Launched today, 12 March, the joint charities campaign will run for a minimum of three months to encourage Australians to recognise that we all have a role to play in supporting the education of our young people.
‘It takes a village to raise a child’ is an old African proverb that highlights the role of the community in educating children. Every Australian who interacts with a young person has a part to play in helping them succeed, and this is the concept at the core of the campaign.
In 2017, the major performing arts organisations reached around 580,000 young people through their schools programs and many more among the 91,900 attending their workshops, and the millions of people who engaged online. These programs, often made possible through philanthropic support, inspire and support not only students, but build classroom teachers’ knowledge and skills as well.
What many may not realise is that arts education not only fosters the development of artistic skills for art making, it also teaches skills in collaboration, innovation, experimentation, resilience, confidence and communication. Recent Australian research has found that students who engage in the Arts, do better academically in their non-Arts subjects (like English, Mathematics and Science) than those students who do not participate in the Arts.
A caring community can give young Aussies the positive support and motivation they need to stay in education and get the most out of it; and we know that staying in school significantly increases the chances of young people continuing with further education and getting a job. In short, keeping children in school and encouraging them to dream big is good for everyone.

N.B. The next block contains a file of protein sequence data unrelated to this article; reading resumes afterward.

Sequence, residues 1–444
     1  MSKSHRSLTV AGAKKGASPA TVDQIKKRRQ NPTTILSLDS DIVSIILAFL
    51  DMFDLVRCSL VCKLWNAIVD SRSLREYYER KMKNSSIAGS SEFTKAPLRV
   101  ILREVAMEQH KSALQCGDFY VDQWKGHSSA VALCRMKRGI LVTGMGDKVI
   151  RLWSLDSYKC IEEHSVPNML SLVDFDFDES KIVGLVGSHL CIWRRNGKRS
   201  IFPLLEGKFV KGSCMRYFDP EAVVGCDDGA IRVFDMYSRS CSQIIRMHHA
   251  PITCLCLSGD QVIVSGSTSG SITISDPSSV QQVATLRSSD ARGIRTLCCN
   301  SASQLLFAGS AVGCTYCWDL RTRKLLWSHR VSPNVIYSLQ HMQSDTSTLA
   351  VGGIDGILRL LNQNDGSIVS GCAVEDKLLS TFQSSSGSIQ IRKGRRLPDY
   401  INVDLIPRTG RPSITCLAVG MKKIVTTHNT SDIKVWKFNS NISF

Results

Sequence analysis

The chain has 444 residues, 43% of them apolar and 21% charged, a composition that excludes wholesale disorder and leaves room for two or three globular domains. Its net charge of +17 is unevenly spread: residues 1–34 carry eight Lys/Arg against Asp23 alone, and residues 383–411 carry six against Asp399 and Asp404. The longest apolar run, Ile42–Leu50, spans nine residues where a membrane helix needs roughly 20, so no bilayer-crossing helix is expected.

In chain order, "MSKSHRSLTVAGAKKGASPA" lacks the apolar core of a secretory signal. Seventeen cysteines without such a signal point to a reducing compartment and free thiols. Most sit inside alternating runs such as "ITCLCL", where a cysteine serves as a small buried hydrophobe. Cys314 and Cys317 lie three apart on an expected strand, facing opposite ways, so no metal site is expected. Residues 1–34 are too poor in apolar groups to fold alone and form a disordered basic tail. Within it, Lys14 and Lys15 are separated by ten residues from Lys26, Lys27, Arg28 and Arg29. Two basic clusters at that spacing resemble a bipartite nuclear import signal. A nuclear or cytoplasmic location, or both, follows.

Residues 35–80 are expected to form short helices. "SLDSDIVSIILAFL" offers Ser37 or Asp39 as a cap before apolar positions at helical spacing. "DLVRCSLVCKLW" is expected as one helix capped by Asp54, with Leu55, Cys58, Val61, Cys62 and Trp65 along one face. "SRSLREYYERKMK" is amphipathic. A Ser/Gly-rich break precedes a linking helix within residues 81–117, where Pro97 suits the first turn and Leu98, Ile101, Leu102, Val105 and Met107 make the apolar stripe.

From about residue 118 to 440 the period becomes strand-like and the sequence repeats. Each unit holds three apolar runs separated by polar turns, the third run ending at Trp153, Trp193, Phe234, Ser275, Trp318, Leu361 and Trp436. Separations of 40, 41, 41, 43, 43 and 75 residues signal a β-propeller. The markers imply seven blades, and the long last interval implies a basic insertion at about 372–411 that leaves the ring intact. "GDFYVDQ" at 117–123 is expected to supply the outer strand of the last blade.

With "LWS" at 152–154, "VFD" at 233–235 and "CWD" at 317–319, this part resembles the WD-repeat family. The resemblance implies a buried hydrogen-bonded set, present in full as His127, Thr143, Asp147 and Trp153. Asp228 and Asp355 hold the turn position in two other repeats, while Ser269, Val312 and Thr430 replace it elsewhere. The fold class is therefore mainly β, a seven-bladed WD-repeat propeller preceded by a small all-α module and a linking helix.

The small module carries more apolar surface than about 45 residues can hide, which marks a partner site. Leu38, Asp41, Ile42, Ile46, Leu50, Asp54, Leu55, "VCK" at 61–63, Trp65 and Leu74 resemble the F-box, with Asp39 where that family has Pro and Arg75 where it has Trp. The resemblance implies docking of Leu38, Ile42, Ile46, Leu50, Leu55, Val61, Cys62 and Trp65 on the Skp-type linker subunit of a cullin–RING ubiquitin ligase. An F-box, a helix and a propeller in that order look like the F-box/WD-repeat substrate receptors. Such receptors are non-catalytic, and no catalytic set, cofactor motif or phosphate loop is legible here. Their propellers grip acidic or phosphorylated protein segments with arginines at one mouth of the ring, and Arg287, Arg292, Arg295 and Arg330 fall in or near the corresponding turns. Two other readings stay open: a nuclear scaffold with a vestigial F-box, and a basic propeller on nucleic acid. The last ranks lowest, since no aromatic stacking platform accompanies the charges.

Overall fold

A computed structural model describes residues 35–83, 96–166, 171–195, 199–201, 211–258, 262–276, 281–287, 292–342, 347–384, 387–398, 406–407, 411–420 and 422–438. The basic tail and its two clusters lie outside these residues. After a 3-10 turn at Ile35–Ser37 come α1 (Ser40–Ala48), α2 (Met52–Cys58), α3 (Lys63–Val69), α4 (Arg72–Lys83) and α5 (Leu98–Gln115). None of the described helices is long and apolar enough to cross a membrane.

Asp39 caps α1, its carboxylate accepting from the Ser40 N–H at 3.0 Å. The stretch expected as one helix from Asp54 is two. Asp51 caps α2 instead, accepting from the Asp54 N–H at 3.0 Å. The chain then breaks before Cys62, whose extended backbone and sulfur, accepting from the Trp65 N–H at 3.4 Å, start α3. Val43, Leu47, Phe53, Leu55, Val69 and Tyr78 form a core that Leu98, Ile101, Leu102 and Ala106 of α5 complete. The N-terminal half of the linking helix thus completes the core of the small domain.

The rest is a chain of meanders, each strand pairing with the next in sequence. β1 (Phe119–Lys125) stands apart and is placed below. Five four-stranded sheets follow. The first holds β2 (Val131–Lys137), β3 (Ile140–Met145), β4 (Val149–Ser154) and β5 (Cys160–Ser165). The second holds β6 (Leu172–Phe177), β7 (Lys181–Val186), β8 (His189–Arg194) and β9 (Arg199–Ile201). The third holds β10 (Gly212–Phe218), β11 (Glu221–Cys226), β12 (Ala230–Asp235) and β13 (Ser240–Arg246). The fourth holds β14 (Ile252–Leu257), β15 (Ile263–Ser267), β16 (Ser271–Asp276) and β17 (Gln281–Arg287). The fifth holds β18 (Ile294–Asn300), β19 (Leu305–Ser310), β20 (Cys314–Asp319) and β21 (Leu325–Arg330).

Tim Costello, Chair of the CCA says that education has the power to transform the opportunities and life outcomes of children and communities. ‘Teachers, parents and government all clearly play a vital role in our young people’s education, but so do many other people in our lives – the people in our “village”.’ AMPAG is encouraging the arts sector to get involved in the campaign by identifying people who can point to someone whose life course was changed as a child by someone in their own ‘village’.
The campaign offers an opportunity to thank people who have made a difference. Chris (Head of Technical Production Sydney Theatre Company) and Ben (Musician) inspired by his relationship with performers touring with Musica Viva have already posted their video stories, and anyone else can get involved. https://ittakesavillage.org.au/meet-the-village/
You can create your own video content, tweet, provide testimonials, news stories and raise stakeholder awareness around the role arts education has played in supporting positive opportunities and outcomes for young people.
Find out more about the campaign at www.ittakesavillage.org.au and please take a moment to share it with your family and friends.
We all have a role to play in helping the next generation of Aussies achieve big things. Let’s start talking.